WASHINGTON • Facebook is not taking photos and videos at face value. It is expanding efforts to scan them for evidence that they have been manipulated.
In 17 countries, including the United States, Facebook said it had deployed its powerful algorithms to "identify potentially false" images and videos, then send those flagged posts to external fact-checkers for further review.
The company is trying to stamp out content that has been doctored, taken out of context or paired with misleading text.
In one of the examples Facebook shared, fact-checkers in Mexico previously identified a "false photo" of a local politician whose face had been Photoshopped onto an American green card, wrongly suggesting he is a United States citizen.
In another, a news outlet in India debunked a photo that included a caption calling the country's prime minister the "seventh most corrupted" in the world - a fact attributed to "BBC News Hub", which is not part of the BBC.
Facebook's announcement is part of a series of changes designed to stop the spread of misinformation on its site two years after the 2016 American presidential election, when Russian agents created and shared divisive political messages - including photos - that reached more than 100 million US users.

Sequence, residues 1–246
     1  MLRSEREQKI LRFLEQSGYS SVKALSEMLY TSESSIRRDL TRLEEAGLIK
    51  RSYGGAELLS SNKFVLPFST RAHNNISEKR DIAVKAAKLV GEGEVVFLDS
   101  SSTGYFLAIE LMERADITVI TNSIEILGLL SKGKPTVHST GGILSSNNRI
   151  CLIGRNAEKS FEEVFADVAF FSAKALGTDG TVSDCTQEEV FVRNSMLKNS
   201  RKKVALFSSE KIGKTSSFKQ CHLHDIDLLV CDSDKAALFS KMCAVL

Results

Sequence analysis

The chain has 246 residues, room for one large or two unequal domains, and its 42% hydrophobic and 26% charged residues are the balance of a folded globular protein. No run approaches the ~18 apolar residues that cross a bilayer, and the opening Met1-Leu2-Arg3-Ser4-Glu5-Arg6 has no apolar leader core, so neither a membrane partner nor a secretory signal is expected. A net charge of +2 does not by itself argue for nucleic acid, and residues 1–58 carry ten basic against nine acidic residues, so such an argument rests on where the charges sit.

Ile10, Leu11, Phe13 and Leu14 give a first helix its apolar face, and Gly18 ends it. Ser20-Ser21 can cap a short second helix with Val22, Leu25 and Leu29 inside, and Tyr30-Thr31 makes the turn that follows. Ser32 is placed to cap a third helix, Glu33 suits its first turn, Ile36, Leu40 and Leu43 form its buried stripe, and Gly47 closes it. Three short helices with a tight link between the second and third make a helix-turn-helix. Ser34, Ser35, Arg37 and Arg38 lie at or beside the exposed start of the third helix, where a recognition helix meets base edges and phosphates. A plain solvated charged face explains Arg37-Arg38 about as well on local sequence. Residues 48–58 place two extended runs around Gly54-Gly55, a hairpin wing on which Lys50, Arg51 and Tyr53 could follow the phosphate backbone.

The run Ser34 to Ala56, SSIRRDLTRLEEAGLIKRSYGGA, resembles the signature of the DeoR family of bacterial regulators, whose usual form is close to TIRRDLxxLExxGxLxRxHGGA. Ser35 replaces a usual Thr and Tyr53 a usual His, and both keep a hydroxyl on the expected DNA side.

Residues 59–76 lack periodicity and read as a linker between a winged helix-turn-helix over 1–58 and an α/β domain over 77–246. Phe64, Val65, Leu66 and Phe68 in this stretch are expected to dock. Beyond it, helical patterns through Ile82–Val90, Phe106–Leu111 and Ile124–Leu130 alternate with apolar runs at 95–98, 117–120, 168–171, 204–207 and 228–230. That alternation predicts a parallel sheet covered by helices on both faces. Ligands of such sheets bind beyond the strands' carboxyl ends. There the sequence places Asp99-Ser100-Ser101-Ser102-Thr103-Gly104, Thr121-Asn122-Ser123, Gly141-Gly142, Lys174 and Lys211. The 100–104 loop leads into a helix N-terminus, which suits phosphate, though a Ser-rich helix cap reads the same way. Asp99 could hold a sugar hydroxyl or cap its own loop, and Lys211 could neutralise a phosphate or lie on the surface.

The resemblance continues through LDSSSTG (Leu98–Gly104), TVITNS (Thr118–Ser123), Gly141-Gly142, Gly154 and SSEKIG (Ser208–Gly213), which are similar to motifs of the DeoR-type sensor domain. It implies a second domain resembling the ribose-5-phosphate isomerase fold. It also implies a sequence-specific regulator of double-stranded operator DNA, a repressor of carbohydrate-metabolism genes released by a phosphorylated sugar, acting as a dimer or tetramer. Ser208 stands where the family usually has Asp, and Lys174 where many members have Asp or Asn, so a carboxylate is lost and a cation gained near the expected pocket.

But photos and videos represent one of the toughest challenges facing Facebook and its tech peers, given that visual content leaves such lasting impressions on users.
The site's two billion active monthly users upload 350 million images every day, Facebook said, and finding and combating manipulated images and videos is tougher than it is with plain text.
Social media sites must also grapple with the rise of new disinformation techniques, such as "deepfakes" - videos that harness the power of machine learning and artificial intelligence to make a person appear to say or do something that never took place.
The automated detection of deepfakes and similar computer-created forgeries have become something of a holy grail for many in Silicon Valley and beyond.
The Defence Advanced Research Projects Agency, the military's high-tech research arm, is leading initiatives designed to build forensic tools that can automatically spot clues among faked videos, including by assessing lighting, image artefacts or other inconsistencies.